Last Thursday I made my way over to the new lil Opal Gallery in lil 5 points for the opening of "Color Fields: an instant exhibition," a group show of Polaroid photographs. It was my first time to Opal and I was eager to see the space after learning that the ingenuity of architects Brian Bell and David Yokum, of Bldgs.org, were employed for the design the space. These are the guys also behind the renovation of Whitespace and this slick house.
One of the unique aspects of the one room space is that every wall can be viewed from outside of the gallery through the all-glass facade. It creates a nice transparency for passers-by to be able to view shows, even when the gallery is closed, a bit like window shopping but more like window perusing. It seems like a space ripe for shows incorporating public interaction.
The show, of 13 artists captivated by Polaroid film, was curated by Stephanie Dowda and presented by the collective Click Clique. The show was arranged in rows by color value to represent the color spectrum wrapping around the three walls and each grouping was the work of a different photographer.
I was torn between loving the simplicity of the presentation, which complimented the space and engaged the shape of the instant photographs perfectly, with wishing I had more information in the form of name labels. But in retrospect I think the ambiguity of the artists (which I am sure could have been easily rectified if I wasn't too lazy to ask for a show list) actually benefited the presentation of the work. Because all of the artists are using such a standardized format, it was interesting to walk around the room and begin picking up on slight nuances in style, subject matter, and camera handling to develop my own reading of these narrative-rich works.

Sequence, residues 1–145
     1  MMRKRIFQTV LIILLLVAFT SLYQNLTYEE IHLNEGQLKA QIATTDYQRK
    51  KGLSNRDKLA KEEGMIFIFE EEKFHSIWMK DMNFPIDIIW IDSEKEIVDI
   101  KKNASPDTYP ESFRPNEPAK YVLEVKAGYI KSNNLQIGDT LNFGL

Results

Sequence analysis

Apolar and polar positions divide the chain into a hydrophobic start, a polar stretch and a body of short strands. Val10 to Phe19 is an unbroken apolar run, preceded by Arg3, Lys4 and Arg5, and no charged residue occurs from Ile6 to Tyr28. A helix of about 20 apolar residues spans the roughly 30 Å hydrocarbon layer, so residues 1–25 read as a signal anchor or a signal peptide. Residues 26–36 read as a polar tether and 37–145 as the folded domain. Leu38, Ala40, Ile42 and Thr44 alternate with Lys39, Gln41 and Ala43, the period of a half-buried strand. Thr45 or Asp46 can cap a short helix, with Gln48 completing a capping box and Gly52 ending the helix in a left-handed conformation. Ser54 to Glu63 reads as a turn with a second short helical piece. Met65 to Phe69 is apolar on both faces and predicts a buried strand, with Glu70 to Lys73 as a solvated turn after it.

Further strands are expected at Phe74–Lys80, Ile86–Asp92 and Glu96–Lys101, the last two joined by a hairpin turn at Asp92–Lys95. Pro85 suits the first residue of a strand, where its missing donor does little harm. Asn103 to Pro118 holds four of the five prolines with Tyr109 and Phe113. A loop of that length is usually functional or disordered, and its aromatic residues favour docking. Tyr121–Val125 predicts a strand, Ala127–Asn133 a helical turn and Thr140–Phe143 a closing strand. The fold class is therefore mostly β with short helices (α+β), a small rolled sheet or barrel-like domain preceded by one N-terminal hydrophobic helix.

Some guy with orange hair took a picture of me taking pictures.
Blues and Greens. A picture of a picture of a picture.
While coincidental in timing, this shows carries extra impact due to Polaroid's recent announcement to end production of their instant film in 2009. It's hard to image a world without Polaroid film and with the resurgence in popularity I wish Polaroid had held out just a little longer. Then again, at $1 a shot, how can they compete with digital? Polaroid needs to move on towards creating a digital camera that captures the same great saturated colors and toy camera feel of the real thing, because there really is no substitute.
This series of colors fields was a nice juxtaposition to the majority of bright figurative work.
Makes me think of Tillman's Concord series
except without the planes. These work really well together.
Stephanie Dowda eyeing the art (or posing uncomfortably at my insistence)
This is a great shot.
Also brings to mind the (Nan Goldin meets street art meets privileged upbringing) Polaroids of this puffery punk.